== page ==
Director: Jim Hosking
Stars: Michael St. Michaels, Sky Elobar, Elizabeth De Razzo
There’s a chain restaurant called Absurd Bird you may have heard of. At Absurd Bird you can, from limited experience, dine on unpleasant, dry and burnt combinations of chicken and miscellaneous carbs, served up in cramped locations filled with awkward swinging chairs. While you gnaw your way into their tough food options, you’ll be blasted contemptuously with overly loud club music from the likes of The Chemical Brothers. A friend of mine attempted to comment on the inappropriate nature of the music. The response saw the staff fall back on the chain’s trademark catchphrase; “Its absurd!”
The thing is, sometimes something isn’t absurd. Sometimes it’s just a bad idea. Like serving dry chicken. Or asking people to sit in a swing for the experience. A catchphrase ultimately isn’t going to mask that.
The Greasy Strangler is the film world’s version of a visit to Absurd Bird. Big Ronnie (Michael St. Michaels) and Big Brayden (Sky Elobar) are father and son, living together in a dilapidated house somewhere in anonymous American suburbia. They run a two-bit walking tour of disappointing and made-up locations from disco history while wearing matching gaudy pink outfits. That is, when they’re not shouting “bullshit artist” at one another, or eating greasy meat products. They’re losers of that hidden America that John Waters was so fond of. The underside Hollywood avoids at all costs, where people are poor, lazy, overweight, stupid and selfish.
Such grotesques aren’t helpful to the realities of poor America, but taking The Greasy Strangler so seriously would be a grave mistake. This is intended as wacky, comedic cinema with a subversive edge, but the intent to shock is so desperate that it rather nullifies itself. It lacks the pathos of, say, The League Of Gentlemen (certainly the UK’s high water mark in such regards) or even Todd Solondz’s recent Wiener-Dog, instead channelling a line of increasingly tiresome fart and penis jokes, enough to make this year’s other novelty comedy film Swiss Army Man seem positively highbrow. And throughout is the dismal sense that this film doesn’t love the nooks and crannies of America it purports to celebrate; it hates them, and is happy to treat them with scorn and derision.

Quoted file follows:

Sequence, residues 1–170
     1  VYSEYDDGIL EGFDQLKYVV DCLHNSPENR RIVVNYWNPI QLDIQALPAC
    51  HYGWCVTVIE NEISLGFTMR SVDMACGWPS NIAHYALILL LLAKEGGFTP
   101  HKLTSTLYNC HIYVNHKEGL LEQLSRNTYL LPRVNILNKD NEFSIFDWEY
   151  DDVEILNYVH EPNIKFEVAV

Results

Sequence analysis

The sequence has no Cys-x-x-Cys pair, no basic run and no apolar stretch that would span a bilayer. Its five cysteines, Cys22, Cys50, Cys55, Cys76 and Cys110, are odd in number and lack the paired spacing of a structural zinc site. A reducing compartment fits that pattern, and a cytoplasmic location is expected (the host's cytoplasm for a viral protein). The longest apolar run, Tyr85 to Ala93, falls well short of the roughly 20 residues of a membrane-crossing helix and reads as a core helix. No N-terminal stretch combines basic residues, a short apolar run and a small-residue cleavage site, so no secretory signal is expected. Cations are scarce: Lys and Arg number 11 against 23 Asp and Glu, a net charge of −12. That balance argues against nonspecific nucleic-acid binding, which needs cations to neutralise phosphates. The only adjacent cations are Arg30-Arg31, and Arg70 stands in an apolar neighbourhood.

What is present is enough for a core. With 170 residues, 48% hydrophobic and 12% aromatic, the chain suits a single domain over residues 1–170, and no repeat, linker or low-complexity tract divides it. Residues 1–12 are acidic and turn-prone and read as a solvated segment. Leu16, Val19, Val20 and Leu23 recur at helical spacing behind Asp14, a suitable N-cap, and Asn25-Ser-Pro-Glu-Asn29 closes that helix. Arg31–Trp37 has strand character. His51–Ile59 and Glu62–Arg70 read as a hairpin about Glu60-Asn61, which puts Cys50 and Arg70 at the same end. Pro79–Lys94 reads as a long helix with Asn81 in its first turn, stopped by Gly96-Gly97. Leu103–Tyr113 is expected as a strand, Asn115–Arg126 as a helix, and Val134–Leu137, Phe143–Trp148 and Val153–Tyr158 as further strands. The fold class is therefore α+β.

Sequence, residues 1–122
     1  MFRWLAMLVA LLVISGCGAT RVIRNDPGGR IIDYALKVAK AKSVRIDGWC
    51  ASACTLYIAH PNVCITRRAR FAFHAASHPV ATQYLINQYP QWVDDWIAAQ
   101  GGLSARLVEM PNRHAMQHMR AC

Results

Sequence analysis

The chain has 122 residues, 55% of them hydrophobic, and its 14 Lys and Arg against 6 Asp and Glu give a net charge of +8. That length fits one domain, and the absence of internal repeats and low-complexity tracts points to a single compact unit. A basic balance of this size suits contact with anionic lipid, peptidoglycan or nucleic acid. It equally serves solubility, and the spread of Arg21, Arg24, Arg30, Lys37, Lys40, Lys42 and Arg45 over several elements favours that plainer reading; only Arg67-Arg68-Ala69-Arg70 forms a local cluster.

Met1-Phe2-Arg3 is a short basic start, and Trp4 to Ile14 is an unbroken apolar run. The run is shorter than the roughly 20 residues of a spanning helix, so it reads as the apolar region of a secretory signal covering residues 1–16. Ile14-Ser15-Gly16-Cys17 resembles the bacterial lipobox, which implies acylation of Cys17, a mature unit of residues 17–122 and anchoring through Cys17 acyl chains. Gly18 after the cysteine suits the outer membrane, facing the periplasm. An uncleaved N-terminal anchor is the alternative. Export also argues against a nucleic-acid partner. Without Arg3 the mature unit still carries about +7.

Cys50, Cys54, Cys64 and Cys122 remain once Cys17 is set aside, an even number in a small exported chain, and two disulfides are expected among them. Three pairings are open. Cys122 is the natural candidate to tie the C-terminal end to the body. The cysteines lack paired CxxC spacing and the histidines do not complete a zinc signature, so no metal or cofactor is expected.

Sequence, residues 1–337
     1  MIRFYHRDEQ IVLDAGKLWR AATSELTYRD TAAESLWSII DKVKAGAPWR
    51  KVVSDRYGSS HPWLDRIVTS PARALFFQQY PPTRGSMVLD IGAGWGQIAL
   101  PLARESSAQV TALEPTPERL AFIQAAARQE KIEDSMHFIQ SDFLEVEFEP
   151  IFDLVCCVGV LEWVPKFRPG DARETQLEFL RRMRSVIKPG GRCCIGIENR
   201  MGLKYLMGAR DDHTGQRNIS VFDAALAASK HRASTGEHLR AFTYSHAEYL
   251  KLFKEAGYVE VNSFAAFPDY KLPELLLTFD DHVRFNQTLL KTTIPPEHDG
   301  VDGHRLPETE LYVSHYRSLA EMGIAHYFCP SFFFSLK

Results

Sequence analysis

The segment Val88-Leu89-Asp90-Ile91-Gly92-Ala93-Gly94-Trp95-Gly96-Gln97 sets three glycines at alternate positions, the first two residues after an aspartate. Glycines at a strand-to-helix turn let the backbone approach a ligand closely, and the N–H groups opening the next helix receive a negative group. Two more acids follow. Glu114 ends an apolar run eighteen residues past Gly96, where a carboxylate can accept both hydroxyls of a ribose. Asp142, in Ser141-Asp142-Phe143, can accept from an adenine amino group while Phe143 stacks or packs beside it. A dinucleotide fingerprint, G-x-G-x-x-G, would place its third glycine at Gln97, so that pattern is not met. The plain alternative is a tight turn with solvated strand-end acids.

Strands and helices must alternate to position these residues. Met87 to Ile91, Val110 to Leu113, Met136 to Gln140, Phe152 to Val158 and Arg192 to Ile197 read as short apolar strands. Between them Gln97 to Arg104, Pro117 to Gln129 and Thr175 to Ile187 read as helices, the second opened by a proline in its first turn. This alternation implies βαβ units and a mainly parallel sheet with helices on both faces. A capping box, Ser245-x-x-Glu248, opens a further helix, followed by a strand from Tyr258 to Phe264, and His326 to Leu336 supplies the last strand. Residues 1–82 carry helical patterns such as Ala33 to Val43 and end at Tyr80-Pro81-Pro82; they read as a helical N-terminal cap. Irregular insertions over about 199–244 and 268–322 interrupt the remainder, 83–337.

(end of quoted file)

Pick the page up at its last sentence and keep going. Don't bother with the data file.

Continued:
Ronnie is the titular menace, wandering the neighbourhood at night naked, covered in grease, committing bizarre murders. Balding virgin Brayden, meanwhile, has a burgeoning relationship with one of their customers, Janet (Elizabeth De Razzo); something that doesn’t sit so well with the old man. And so the film trundles along, with “bullshit artist” yelled again and again until it loses all meaning, let alone comedic value, ugly prosthetic genitals cluttering the screen and ladles of grease being poured over grapefruits, popcorn, toast… you name it.
Early on the film evidences the joke that runs out of steam only to get funny again pretty well when a man has the seeming inability to say the word ‘potato’. Yet The Greasy Strangler’s creators Toby Harvard and director Jim Hosking take this philosophy and apply it to the film wholesale. There are only a handful of different situations that really occur here; they’re just remixed ad nauseam like some kind of intentional test on the viewer’s patience. The Greasy Strangler is unusual, definitely – just as it wants to be – but it’s also immensely tedious.
Occasionally. Occasionally the film gets what it wants, and the mix of odd and unsavoury does combine into something that generates laughter, even if it’s of the nervous variety, but more often than not these efforts fail to coalesce. Much of the movie is just time spent.
The gross-out factor is high – particularly a scene in which Janet investigates something she discovers on the carpet – but the more warped and explicit things become, the less impressive it all feels. There are minor saving graces. The loony score is awful, but it at least provides a sort of audio emoticon to suggest to the audience that there’s a winky face behind all this somewhere. While some of the more outrageous visual effects hark back fondly to 80’s B-movies like The Stuff. But these are peripheral pleasures; Easter eggs that it’s tough to rustle up the enthusiasm to find when everything is set to such a mindless minor key. By the time the final half hour shuffles into view it’s tough to care one way or another about anything being offered up by this movie.
I’m not a conservative person and I welcome genuine provocation and risk taking in cinema, but this is just a puerile waste of your time. Likewise, comedy desperately needs injections of the weird and innovative, otherwise we’re left with the mass of weary identikit sitcoms like The Big Bang Theory or Two Broke Girls. But when the alternative is – let’s not mince words – as shit as this, it only does bland conformity a favour.
In order to genuinely challenge conventions artists need to provide a worthwhile alternative. The Greasy Strangler simply isn’t it. Screaming that your product is absurd doesn’t make it good.